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Stackyard News Jan 07
       

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    Guard Against Lice and Tick Threat at Lambing Time
18/01/07

Sheep producers are being urged to protect their flocks from lice and tick infestations this lambing season. Lambing time is often a pretty stressful time, but it can also be a period when lice and ticks are an added source of irritation for ewes and a health threat to young lambs, vets warn.

Sheep ticks live away from the host for most of their life cycle but pose a particular threat to flocks on rough and unimproved pastures where the natural increase in numbers coincides with the turnout of ewes and young lambs.

Sheep ticks

Lice outbreaks, in particular, are on the increase since the ending of compulsory dipping for sheep scab. “Although infestations by the biting louse Bovicola ovis do not cause the loss of body condition associated with sheep scab, they do cause considerable wool loss and make housed sheep very restless,” explains Schering-Plough Animal Health livestock veterinary adviser Paul Williams MRCVS.

Infested sheep not only rub, but also bite at their flanks and can often be seen with wool in their mouths. Unlike sheep scab, patches of bare skin are uncommon as the wool tends to regrow and there will also be no sign of scabs on the skin surface. Lice can be spotted clinging on to the wool of affected sheep – especially if a sample is held against a dark background – and they are typically brown in colour with elongated bodies and a definite head.

“Lice infestations can be eliminated by OP dips such as Coopers Ectoforce,” says Paul Williams. Pour-ons are also effective against lice, but they do not eliminate them. Pour-ons work best after shearing, but will also help control infestations in housed sheep providing they are not carrying excessively heavy fleeces. “Lambs should be treated at the same time as they can become heavily infested within weeks of birth,” he adds.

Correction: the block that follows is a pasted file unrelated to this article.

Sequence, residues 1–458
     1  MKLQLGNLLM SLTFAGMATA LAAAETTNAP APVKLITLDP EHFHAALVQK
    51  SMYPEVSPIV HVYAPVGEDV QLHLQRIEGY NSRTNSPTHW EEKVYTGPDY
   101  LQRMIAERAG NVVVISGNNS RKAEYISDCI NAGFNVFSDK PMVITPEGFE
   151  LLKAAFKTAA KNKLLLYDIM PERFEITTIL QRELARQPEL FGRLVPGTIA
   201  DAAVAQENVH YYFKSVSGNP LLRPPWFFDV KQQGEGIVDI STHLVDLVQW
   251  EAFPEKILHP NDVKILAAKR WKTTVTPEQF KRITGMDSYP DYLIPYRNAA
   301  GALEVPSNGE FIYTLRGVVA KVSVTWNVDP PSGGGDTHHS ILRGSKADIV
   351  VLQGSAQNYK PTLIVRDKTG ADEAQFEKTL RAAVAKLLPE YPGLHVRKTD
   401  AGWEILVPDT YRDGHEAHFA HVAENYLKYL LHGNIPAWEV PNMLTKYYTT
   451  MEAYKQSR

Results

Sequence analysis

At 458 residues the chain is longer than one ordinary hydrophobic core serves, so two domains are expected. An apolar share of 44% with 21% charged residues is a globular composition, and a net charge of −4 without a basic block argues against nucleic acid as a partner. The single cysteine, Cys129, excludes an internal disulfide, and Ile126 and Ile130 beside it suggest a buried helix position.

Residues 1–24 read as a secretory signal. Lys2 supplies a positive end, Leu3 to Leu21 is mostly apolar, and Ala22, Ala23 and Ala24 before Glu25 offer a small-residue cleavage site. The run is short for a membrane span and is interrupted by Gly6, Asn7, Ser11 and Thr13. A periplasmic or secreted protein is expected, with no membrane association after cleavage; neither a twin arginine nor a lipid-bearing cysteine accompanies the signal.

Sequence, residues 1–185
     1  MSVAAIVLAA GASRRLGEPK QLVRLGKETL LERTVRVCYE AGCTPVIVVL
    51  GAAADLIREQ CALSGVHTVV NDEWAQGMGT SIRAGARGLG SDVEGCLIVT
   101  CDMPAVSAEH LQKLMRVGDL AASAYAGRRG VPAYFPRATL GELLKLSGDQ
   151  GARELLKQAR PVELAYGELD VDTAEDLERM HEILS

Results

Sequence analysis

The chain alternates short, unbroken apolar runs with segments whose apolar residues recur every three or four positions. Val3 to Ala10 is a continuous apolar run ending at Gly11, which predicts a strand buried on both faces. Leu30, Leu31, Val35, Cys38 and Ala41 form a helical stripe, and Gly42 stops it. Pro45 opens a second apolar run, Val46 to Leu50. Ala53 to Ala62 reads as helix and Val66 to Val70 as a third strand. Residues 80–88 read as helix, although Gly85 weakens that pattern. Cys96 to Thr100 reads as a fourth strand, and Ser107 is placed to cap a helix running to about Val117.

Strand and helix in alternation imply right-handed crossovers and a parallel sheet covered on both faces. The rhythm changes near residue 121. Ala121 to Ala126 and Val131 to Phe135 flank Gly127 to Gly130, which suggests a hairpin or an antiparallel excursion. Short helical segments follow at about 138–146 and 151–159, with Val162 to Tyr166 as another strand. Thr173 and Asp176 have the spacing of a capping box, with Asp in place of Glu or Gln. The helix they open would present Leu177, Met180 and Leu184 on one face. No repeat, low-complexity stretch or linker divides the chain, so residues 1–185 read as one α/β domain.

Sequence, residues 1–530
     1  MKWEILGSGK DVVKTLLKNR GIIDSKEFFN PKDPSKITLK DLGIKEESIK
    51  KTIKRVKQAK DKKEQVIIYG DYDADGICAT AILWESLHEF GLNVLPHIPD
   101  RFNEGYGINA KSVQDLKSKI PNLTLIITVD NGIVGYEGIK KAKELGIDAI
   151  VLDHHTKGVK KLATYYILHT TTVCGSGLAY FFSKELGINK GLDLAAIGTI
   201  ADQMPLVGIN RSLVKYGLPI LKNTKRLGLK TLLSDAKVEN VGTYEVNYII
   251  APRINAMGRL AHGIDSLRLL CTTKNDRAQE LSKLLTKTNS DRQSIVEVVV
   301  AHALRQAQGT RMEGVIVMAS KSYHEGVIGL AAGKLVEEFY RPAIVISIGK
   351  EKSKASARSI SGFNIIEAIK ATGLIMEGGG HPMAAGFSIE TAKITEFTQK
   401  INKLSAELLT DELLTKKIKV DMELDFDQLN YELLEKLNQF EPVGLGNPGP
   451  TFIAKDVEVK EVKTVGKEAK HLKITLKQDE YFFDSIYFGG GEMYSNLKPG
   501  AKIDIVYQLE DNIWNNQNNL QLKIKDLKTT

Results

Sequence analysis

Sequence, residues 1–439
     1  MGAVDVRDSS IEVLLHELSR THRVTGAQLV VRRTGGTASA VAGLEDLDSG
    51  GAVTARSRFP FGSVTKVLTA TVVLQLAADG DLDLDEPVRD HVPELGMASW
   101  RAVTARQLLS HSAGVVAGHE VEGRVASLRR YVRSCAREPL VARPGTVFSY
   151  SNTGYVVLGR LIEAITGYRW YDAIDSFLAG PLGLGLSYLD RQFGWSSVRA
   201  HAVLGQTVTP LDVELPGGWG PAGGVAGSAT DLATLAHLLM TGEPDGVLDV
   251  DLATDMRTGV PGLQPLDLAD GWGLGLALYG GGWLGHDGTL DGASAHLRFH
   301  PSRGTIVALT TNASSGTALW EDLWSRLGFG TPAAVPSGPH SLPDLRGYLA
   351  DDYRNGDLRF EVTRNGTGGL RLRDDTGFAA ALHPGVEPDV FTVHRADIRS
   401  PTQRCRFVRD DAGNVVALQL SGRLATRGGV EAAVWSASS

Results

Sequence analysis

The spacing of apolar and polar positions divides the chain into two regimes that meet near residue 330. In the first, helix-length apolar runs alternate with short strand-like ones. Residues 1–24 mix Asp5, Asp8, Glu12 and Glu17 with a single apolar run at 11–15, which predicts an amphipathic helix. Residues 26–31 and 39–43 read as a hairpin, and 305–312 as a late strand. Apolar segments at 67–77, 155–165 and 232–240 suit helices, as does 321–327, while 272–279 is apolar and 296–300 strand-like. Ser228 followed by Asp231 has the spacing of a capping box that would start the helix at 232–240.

Since lice live permanently on the host animal, transmission is via infested sheep particularly when they are grouped together for housing or feeding in winter. “In addition to keeping existing stock lice free it is very important to isolate, inspect and, if necessary, treat replacement animals especially rams before they join the main flock,” Paul Williams advises. This procedure will also help to avoid the introduction of sheep scab to the flock.

Ticks in contrast, live away from the host for most of their life cycle but pose a particular threat to flocks on rough and unimproved pastures where the natural increase in numbers coincides with the turnout of ewes and young lambs.

As part of its life cycle the sheep tick, Ixodes ricinus, needs a blood meal from a host animal and the adult females are most likely to be found attached to the head, legs or other areas of skin not covered by wool. Their feeding can also cause abscesses in the joints, spine and internal organs of lambs resulting in a condition known as tick pyaemia.

“Badly affected lambs frequently die of starvation as they cannot keep up with the ewes,” Paul Williams says. “Ticks also transmit louping ill – a viral disease of the nervous system – and tick-borne fever, an illness characterised by a sudden high fever for 4-22 days. Abortion can occur in ewes not previously exposed to infected ticks. Most affected sheep become carriers and relapses of the disease can occur.”

Fortunately, the advent of effective pour-ons such as the only deltamethrin-based ectoparasiticide, Coopers Spot On, means heavily pregnant ewes and lambs can now be treated around lambing with minimal handling. “Adult and lambs can both be treated at the same time, with lambs able to be treated within a few days of birth at half the dose rate,” he advises.

link Farmers to question DEFRA minister over bovine TB fears
link Biosecurity on the Agenda for Agricultural Shows
link Farmers advised on employing foreign workers

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